Re: [spoofing-tf] Source Address Validation Architecture (SAVA), BOF proposal @ IETF

  • To: Pekka Savola pekkas@localhost
  • From: Rob Beverly rbeverly@localhost
  • Date: Thu, 14 Sep 2006 11:05:30 -0400
  • Cc: "Barry Greene (bgreene)" bgreene@localhost, Jaap Akkerhuis jaap@localhost, spoofing-tf@localhost, sava@localhost

On Thu, Sep 14, 2006 at 05:13:37PM +0300, Pekka Savola wrote:
> >Sure, but again, consider the recent DNS amplifier attacks and
> >filter circumvention attacks (using spoofing to send UCE).
> 
> I'd be interested in seeing more references on the SPAM-spoofing.  I 
> assume you refer to hijacking an address space (possibly a bogon, 
> possibly in use), sending spam, and switching the prefix continously. 
> This is quite different than 'traditional' spoofing because above also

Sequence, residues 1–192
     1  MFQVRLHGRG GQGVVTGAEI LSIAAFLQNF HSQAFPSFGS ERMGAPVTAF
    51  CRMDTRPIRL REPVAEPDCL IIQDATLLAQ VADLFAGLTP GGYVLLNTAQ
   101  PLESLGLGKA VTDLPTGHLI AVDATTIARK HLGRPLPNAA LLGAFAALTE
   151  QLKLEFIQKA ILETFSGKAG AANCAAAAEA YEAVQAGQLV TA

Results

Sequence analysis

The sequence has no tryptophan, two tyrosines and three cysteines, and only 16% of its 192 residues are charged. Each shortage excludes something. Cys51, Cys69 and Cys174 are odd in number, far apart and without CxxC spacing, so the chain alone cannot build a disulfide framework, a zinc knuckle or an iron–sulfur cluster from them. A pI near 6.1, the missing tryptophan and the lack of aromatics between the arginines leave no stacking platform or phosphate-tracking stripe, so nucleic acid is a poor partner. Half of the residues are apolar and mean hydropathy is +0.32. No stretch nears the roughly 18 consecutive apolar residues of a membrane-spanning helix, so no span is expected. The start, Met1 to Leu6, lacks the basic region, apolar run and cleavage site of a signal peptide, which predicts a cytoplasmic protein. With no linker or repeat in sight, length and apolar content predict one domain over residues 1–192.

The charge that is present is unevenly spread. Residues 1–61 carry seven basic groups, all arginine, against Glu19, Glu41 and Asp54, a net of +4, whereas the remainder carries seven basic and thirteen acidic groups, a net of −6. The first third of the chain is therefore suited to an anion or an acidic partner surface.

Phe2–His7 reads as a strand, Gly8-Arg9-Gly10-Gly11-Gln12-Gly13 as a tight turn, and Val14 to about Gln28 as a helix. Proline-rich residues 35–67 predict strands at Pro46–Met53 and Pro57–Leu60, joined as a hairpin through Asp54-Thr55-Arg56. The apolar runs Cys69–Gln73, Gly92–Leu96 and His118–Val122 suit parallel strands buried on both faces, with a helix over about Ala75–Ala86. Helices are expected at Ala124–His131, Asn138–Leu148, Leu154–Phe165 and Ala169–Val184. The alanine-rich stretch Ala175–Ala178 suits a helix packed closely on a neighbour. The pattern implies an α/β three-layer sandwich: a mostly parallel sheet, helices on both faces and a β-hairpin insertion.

> requires propagation of false routing information instead of simply 
> sending bogus packets.

Actually, I wasn't referring to prefix hijacking.  Spammers like
to use botnets.  To combat botnets, providers started filtering
outbound port 25 SYN to everywhere but the provider's MTA(s).  To
combat these filtered hosts, spammers are now doing the following:
  1. find a connection that allows spoofing (e.g. dialup).  Assume
     a host D is on that dialup and under control of spammer.
  2. control a compromised host H on a network that filters outbound tcp 25 SYN
  3. Use the dialup host D to send a SYN to a victim MTA with the source
     address of H
  4. D communicate the initial sequence number to H so that H can
     properly ACK the incoming SYN-ACK (and complete the 3-way
     handshake).

There are other variations of such triangular routing (and attacks)
There have been a few conversations on NANOG about this; the first
one I can find readily is:
  http://www.cctec.com/maillists/nanog/current/msg09179.html

Regards,

rob